An extension of Sermon XLV in our series on Zechariah.


It is really necessary to slow down, even when it is counter intuitive. All around us, our culture is telling to go faster, to expedite all of our interactions as much as we can, all in the name of being more productive, of doing more with our time.


This acceleration makes a difference in the way we approach God. Particularly, in terms of our theological pursuits. Who has time to consider all of the different details of His work of restoration? Just give me Jesus! Is the outcry of our Christian culture. And if you can do it in bite-size pieces of information, much more the better.


When we summarize to the extreme the doctrines of Scripture (What did Jesus do for you? He died on the cross is the quick, portable and incomplete answer), we lose vital details of His work of redemption that are necessary for us to worship Him well and to face life. Yes, the details are that important. We cannot separate the the work of God the Holy Spirit in our sanctification from His justice, for instance. We cannot talk about God’s judgement of the nations without taking into account His holiness and total otherness. And what about the future glory? Would it make sense without also looking at the ministry of God the Son?


Yes, we can talk about individual biblical doctrines, but we must consider not only all aspects of those individual doctrines, but also the relationship that each one of them have with the others.


Zechariah is doing exactly that at the end of his book, from Chapter 12 to 14. This portion of the prophet’s writings are one single prophesy that includes several topics, all of which are related to one another. They form a tapestry of sorts, with individual treats interlocking, relating, informing one another. Yes, there is beauty in zooming in and contemplating each of those treats, but their beauty can only be total appreciated when we step back, and look at the whole piece of art.


And we can tell that we are gazing at great, really truthful theology when it translates into a great and truthful force to direct our life of worship and interactions with other human beings.


CALL TO ACTION ONE: Look at the whole! Do not be satisfied with headline theology. All of Scripture is useful to equip you. Yes, it will require from you to invest some of your most valuable resources – time being the first of them – but the result is worthwhile.


His Beauty not only secures our salvation, but it also secures our future place in glory. His work of restoration is not limited to give us a clean slate, leaving everything else from that point on to our own abilities. He saved us from something specific – God’s wrath – and for something specific: to be like Him. In this last part of his book, Zechariah gives us some hints of what we are going to look like, in that future state of glory when the consummation of our salvation will finally take place. Our strength will be the LORD, perfectly (12:5). He will have His Spirit, perfectly (12:10). We will be clean, perfectly (13:1). But, for me, the best part is that my idolatry and my tendency to corrupt His word will be removed. It will be cut off. Perfectly (13:2-6).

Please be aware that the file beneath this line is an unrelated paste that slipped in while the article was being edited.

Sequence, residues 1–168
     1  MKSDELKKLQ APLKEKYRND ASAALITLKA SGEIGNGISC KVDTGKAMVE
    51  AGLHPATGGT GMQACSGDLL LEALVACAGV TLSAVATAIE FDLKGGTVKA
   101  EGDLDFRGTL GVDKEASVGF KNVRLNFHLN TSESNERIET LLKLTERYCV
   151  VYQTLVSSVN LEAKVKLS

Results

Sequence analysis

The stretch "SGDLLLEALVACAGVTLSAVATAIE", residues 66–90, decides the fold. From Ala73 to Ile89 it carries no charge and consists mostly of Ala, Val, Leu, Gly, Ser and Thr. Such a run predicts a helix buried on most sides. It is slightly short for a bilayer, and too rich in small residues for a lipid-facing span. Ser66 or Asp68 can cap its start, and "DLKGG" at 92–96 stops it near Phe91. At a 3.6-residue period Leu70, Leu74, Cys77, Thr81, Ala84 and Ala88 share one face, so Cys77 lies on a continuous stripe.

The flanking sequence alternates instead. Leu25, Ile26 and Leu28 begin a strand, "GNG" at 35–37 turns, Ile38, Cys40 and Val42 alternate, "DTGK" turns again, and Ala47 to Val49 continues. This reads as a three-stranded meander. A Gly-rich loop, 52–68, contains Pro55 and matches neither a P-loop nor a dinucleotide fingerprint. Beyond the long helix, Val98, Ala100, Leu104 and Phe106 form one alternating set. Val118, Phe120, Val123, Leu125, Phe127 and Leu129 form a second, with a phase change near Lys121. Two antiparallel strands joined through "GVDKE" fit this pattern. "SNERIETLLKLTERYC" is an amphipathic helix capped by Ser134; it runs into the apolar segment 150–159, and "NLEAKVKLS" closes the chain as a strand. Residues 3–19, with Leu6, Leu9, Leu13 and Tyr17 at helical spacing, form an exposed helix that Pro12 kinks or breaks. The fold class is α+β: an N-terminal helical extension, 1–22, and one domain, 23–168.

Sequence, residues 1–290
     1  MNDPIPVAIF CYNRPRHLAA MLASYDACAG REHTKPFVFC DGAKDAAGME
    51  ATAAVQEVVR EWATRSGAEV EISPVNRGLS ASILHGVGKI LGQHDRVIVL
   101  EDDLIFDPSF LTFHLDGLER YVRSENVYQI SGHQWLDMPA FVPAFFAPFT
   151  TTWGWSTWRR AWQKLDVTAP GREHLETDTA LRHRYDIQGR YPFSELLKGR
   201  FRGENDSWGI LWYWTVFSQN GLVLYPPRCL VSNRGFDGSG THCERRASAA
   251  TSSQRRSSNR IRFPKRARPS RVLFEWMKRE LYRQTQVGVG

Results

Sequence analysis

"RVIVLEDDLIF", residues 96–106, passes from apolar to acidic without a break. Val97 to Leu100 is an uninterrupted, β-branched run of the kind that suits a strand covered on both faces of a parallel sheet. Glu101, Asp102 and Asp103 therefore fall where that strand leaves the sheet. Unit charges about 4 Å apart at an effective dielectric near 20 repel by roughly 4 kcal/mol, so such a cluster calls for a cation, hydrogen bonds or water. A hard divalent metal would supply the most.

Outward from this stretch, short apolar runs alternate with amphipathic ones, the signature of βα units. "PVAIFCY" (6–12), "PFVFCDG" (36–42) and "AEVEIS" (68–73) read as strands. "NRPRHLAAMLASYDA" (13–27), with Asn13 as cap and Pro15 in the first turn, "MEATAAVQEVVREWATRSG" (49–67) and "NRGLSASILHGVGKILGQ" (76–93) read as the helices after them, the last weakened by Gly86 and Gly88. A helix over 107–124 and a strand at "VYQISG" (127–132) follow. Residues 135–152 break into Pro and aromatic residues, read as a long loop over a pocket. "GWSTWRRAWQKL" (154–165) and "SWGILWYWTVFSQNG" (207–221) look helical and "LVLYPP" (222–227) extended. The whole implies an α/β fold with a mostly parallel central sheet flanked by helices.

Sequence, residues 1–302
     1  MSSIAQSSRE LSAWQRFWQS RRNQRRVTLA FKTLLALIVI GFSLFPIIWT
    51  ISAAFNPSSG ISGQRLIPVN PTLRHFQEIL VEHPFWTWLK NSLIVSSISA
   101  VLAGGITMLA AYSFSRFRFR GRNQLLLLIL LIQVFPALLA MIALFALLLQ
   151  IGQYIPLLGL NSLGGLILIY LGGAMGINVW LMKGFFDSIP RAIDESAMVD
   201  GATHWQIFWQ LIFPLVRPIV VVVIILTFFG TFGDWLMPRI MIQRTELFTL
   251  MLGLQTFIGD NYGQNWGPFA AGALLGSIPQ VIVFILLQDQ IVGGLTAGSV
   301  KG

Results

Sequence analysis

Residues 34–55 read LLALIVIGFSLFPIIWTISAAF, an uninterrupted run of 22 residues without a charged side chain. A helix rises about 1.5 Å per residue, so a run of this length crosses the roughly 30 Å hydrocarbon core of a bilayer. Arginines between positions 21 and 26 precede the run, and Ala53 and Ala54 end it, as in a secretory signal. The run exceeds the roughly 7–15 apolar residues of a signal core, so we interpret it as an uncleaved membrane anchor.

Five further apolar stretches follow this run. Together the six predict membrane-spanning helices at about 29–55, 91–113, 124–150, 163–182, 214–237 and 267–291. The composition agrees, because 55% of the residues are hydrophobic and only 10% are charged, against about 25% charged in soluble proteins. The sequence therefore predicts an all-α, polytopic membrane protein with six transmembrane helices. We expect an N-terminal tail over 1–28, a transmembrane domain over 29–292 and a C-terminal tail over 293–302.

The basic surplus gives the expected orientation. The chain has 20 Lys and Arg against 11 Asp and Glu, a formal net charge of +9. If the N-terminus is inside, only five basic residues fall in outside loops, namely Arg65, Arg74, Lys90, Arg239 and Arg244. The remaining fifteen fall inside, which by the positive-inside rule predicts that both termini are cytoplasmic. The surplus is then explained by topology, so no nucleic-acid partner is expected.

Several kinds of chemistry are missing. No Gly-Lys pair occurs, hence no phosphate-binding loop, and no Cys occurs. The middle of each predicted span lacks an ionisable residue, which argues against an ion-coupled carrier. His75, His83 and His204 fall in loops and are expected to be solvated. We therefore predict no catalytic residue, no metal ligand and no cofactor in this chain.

Then, we live in between the acquisition of our salvation and its consummation. Our daily lives take place in the tension of the already and the not-yet. And while we wait for that consummation, He is at work in and with us, to make us more and more like our Lord Jesus Christ. This process is called sanctification, and it was defined by a group of very smart people, many years ago, this way:

(Question 35 of the Westminster Shorter Catechism)


Q: What is sanctification?

A: Sanctification is the work of God’s free grace,1 whereby we are renewed in the whole man after the image of God,2 and are enabled more and more to die unto sin, and live unto righteousness.3

  1. 2 Thessalonians 2:13. God hath from the beginning chosen you to salvation through sanctification of the Spirit and of the truth.
  2. Ephesians 4:23-24. And be renewed in the spirit of your mind; and that ye put on the new man, which after God is created in righteousness and true holiness.
  3. Romans 6:4, 6, 14. Therefore we are buried with him by baptism into death: that like as Christ was raised up from the dead by the glory of the Father, even so we also should walk in newness of life. . . knowing this, that our old man is crucified with him, that the body of sin might be destroyed, that henceforth we should not serve sin. . . For sin shall not have dominion over you: for ye are not under the law, but under grace.
  4. Romans 8:4. That the righteousness of the law might be fulfilled in us, who walk not after the flesh, but after the Spirit.


This work of His free grace is making us able to operate in the rarefied atmosphere created by our sin, in a way that resembles His holiness. We are able, more and more, to faithfully imitate the Lover of our soul.


CALL TO ACTION TWO: Consider both extremes of His salvation for you: its acquisition and its consummation. If you focus only if the acquisition, you may get the impression that the rest – making it all the way to glory – depends completely on you. If you only consider the consummation and the glory that is to come, you may lose interest in living this life in a way that reflects His character for others to see it.


And one more thing: when are faithfully present in the in-between, we can find peace and freedom to share with others.


CALL TO ACTION THREE: Take His work of sanctification in you out for a spin. He is doing nothing short of a miracle, transforming you more and more into the image of Jesus Christ! Take that transformation out into real life to see how it holds. It will. You are being well equipped to do something that will not go unnoticed: love others – specially those who do not share your cultural preferences – in a redemptive way.


Recordemos Su gracia por nosotros.